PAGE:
HAGERSTOWN, Md. – Overcome by exhilaration and the checkered flag in hand, Tim McCreadie pumped his fists into the shower of confetti and celebratory screams Saturday night at Hagerstown Speedway.
The 47-year-old racer has won his fair share of epic races over the years, but few quite Saturday’s race at Hagerstown, where he used a last-corner pass to win the Lucas Oil Late Model Dirt Model Series Red Nininger Memorial at the historic half-mile over Ricky Thornton Jr.
Thornton led 49 of 50 laps, but it was McCreadie who led the circuit that mattered. It all developed too rapidly for McCreadie to fully process. But once he stepped off the roof of his No. 39 Longhorn Chassis and soaked in that victory lane setting, he started to grasp what just transpired.
“It happened so fast it was hard to know what I was doing,” said McCreadie, who hoisted that $15,000 winner’s check on the frontstretch of Hagerstown Speedway. “A lot of luck, man. I was going to go where he wasn’t. What hurt [Thornton on the last corner] is what cost him in turn one. The lapped car didn’t go in on the cushion, then he didn’t go in on the cushion, and they both sat in the middle. I kind of crabbed around the infield and got a pretty good bit of traction off [turn two].”
The win is as timely as it gets for McCreadie. Prior to Saturday, he had one win in the opening 18 races of the season. That was a $7,000-to-win DIRTcar show at Florida’s Volusia Speedway Park on Feb. 8. Questions about his trajectory didn’t arise, but McCreadie knew he had to make something happen soon.
With the Lucas Oil Late Model Dirt Series championship chase intensifying in the coming weeks, McCreadie puts his name back into the conversation. On Saturday, he became the ninth winner in 11 series races this year.
He also takes a 10-point series lead in the standings over Hudson O’Neal heading into Port Royal Speedway Sunday night.
“For us to win a big show, a Lucas [Oil Late Model Dirt Series] race, the whole thing, knowing our car was good … we’re excited,” McCreadie said.
McCreadie knew he had an advantage as he lurked behind Thornton in the closing stages Saturday at Hagerstown Speedway.
“The minute he got off [the cushion], my tire was way better,” McCreadie said. “The problem is the cushion was saving a lot of them on softer tires.”
With five laps to go, Thornton showed no sign of cracking, but McCreadie stuck to his observation. Over the next two circuits, McCreadie closed the gap and a finish to remember had brewed.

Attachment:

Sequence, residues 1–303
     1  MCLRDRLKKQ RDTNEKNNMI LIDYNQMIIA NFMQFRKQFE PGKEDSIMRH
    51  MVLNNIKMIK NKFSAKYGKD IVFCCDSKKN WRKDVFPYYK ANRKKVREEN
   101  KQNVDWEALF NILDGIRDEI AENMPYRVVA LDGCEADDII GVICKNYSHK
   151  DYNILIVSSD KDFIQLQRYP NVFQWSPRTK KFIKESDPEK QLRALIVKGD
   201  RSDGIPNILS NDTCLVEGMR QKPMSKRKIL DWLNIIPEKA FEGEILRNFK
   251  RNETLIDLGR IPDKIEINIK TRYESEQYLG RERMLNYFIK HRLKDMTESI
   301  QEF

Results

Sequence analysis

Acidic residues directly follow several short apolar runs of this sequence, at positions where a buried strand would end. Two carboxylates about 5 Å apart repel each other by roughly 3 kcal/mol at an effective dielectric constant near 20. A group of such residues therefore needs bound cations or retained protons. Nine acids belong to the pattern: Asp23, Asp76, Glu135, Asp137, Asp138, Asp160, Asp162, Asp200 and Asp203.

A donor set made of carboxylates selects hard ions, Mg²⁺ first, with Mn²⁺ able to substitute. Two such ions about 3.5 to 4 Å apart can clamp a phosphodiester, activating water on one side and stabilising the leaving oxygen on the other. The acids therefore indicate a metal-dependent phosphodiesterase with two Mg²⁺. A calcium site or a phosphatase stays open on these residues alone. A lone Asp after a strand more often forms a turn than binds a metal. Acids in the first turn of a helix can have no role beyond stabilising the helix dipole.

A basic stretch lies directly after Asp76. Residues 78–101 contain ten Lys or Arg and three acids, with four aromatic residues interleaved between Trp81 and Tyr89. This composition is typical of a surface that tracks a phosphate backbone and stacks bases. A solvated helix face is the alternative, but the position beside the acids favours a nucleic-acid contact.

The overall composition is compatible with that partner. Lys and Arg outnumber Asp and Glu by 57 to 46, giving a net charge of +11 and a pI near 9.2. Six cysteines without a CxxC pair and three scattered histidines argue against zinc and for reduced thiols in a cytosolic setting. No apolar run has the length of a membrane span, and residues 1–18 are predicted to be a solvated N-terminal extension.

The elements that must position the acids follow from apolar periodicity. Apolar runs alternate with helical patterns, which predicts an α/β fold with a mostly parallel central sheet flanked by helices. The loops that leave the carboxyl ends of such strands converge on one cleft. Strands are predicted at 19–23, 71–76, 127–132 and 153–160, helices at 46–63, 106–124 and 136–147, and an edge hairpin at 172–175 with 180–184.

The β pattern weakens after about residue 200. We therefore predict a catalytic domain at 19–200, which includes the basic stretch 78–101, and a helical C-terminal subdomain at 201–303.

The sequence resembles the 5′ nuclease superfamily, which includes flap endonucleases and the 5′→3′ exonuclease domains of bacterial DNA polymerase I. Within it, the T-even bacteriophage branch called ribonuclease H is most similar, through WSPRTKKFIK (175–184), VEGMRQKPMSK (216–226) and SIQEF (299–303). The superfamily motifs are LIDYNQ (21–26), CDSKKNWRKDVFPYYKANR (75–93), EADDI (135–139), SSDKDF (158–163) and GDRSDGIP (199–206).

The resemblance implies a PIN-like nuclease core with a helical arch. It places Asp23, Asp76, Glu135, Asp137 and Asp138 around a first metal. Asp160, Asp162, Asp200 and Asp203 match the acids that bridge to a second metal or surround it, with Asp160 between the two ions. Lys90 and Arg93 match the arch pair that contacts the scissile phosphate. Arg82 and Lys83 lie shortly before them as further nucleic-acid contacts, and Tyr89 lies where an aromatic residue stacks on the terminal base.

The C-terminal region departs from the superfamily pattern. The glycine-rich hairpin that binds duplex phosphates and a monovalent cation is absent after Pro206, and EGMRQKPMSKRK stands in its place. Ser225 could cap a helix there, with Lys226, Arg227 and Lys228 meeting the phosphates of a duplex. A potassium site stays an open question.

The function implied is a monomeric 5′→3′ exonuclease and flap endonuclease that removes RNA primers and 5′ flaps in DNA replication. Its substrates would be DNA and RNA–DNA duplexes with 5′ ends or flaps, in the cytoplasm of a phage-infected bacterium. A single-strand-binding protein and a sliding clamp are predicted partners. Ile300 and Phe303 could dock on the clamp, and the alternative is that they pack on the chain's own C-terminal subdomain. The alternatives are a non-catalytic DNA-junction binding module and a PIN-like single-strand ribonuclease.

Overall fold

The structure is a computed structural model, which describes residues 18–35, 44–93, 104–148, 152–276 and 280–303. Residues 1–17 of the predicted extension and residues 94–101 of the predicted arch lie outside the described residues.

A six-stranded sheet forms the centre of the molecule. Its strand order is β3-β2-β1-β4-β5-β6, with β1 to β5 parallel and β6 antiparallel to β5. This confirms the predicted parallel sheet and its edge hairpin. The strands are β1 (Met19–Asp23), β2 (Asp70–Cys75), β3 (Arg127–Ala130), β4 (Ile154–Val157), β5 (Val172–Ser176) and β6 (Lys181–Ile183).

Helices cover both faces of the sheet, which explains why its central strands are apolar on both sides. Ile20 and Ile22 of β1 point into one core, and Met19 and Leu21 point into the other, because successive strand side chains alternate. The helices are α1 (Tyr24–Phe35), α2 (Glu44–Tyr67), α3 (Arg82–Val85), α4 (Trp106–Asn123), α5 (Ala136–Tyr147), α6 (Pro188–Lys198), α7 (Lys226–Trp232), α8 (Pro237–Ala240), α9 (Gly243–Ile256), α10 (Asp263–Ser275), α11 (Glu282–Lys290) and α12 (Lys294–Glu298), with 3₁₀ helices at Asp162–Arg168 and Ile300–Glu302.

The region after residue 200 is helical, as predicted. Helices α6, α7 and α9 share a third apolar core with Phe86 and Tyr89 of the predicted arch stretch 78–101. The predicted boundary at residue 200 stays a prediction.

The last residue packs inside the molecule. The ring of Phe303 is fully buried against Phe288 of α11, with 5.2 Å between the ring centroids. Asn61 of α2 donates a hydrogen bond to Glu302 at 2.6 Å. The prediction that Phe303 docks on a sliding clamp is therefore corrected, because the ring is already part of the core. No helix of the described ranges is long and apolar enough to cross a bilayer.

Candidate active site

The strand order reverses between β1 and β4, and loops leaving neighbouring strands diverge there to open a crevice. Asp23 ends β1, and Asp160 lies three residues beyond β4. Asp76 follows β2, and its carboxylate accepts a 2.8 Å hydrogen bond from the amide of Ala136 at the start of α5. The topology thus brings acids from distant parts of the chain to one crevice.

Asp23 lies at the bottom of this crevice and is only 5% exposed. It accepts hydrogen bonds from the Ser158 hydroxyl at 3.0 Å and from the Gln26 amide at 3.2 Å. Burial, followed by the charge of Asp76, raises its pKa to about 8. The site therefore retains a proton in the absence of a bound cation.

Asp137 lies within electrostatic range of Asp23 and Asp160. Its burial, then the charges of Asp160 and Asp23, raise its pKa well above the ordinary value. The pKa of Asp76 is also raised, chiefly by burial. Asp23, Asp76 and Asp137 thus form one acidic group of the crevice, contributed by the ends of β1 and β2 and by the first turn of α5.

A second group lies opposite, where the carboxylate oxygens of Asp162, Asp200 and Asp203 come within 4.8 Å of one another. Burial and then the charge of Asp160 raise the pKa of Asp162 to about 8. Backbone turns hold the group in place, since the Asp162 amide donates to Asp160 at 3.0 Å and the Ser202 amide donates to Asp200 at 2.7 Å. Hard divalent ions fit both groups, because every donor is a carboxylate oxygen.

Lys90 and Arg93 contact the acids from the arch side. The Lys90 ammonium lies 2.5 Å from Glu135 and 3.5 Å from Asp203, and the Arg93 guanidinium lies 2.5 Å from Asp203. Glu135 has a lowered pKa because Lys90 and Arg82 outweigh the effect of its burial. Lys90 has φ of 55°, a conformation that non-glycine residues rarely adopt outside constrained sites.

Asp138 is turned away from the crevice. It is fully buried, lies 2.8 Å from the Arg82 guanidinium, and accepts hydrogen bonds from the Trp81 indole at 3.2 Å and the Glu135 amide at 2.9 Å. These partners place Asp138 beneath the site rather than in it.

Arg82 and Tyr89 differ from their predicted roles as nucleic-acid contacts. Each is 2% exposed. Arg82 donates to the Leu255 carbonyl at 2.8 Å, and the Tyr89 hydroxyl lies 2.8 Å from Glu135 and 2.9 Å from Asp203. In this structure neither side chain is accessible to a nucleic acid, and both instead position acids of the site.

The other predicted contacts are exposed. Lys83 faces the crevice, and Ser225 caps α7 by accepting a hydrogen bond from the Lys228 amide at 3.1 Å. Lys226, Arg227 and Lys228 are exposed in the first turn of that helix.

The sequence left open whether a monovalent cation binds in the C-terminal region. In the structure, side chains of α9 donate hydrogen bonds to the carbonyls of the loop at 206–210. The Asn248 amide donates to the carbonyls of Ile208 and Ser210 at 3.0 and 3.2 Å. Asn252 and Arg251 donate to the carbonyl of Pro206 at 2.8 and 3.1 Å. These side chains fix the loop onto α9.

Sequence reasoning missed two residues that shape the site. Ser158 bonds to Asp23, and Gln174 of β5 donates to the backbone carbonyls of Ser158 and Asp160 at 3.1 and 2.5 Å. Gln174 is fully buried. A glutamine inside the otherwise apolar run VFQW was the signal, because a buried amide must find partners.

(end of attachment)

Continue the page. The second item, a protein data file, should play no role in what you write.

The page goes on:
On the final lap, Thornton had to make a decision: stick to the top or consume the lower part of the track, the place McCreadie made his gains.
Thornton stayed true to the top, where he got pinned behind a lapped car, which parted the seas for McCreadie to generate the run he needed on the bottom. McCreadie had the advantage as the two raced down the backstretch. He sailed it into the last corner and up the banking to finish off Thornton.
“When I went into [turn] three, I saw him for a second, then I didn’t see him,” McCreadie said, describing his thought process when he drove it in hard on the bottom. “I thought, ‘Well, if I [stayed on the bottom] then he’s going to roll right around me.’ So I just carried it up to the cushion, then came off the cushion and hung a left down the straightaway, just in case he was back under me.”
Thornton, meanwhile, hoped to join Tyler Erb and Hudson O’Neal as the only repeat winners of the year. He started second and raced by polesitter Dylan Yoder on the initial start for the lead.
The first 26 laps went green, before a car failure for fourth-running Matt Cosner brought out the only caution. From there, Thornton maintained a second lead and navigated traffic without much trouble.
But when he caught Devin Moran in lapped traffic, everything changed.
“I could never get close enough to slide Devin,” Thornton said. “I wouldn’t say that cost me the win. I got to him, then I couldn’t get by him. I couldn’t get by him. So I started riding behind him. I mean, I was trying to get by. Just wasn’t good enough.”
Once victory lane mellowed, McCreadie tried recalling if he had any victories that produced this kind of finish. A few modified triumphs came to mind, but none that drew any specifics.
“You can’t remember them all,” McCreadie said.
But will he remember Saturday and all the ecstasy that came with it?
“Oh my God,” McCreadie said. “Of course.”